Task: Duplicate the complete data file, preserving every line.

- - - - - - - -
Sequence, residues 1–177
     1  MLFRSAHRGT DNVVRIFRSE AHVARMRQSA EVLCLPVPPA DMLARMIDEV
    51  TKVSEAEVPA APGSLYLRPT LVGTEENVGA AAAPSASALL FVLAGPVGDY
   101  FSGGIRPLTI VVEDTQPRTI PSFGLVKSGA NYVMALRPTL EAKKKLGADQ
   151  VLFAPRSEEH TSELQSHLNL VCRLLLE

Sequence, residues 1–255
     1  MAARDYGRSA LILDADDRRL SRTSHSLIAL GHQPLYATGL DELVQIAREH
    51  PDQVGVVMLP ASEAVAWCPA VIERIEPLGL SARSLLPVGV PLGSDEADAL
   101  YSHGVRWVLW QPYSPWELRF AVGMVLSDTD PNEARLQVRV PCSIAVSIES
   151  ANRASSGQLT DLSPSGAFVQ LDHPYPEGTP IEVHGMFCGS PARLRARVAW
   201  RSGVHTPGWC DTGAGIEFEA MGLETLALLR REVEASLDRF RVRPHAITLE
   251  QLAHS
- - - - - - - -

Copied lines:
Sequence, residues 1–177
     1  MLFRSAHRGT DNVVRIFRSE AHVARMRQSA EVLCLPVPPA DMLARMIDEV
    51  TKVSEAEVPA APGSLYLRPT LVGTEENVGA AAAPSASALL FVLAGPVGDY
   101  FSGGIRPLTI VVEDTQPRTI PSFGLVKSGA NYVMALRPTL EAKKKLGADQ
   151  VLFAPRSEEH TSELQSHLNL VCRLLLE

Sequence, residues 1–255
     1  MAARDYGRSA LILDADDRRL SRTSHSLIAL GHQPLYATGL DELVQIAREH
    51  PDQVGVVMLP ASEAVAWCPA VIERIEPLGL SARSLLPVGV PLGSDEADAL
   101  YSHGVRWVLW QPYSPWELRF AVGMVLSDTD PNEARLQVRV PCSIAVSIES
   151  ANRASSGQLT DLSPSGAFVQ LDHPYPEGTP IEVHGMFCGS PARLRARVAW
   201  RSGVHTPGWC DTGAGIEFEA MGLETLALLR REVEASLDRF RVRPHAITLE
   251  QLAHS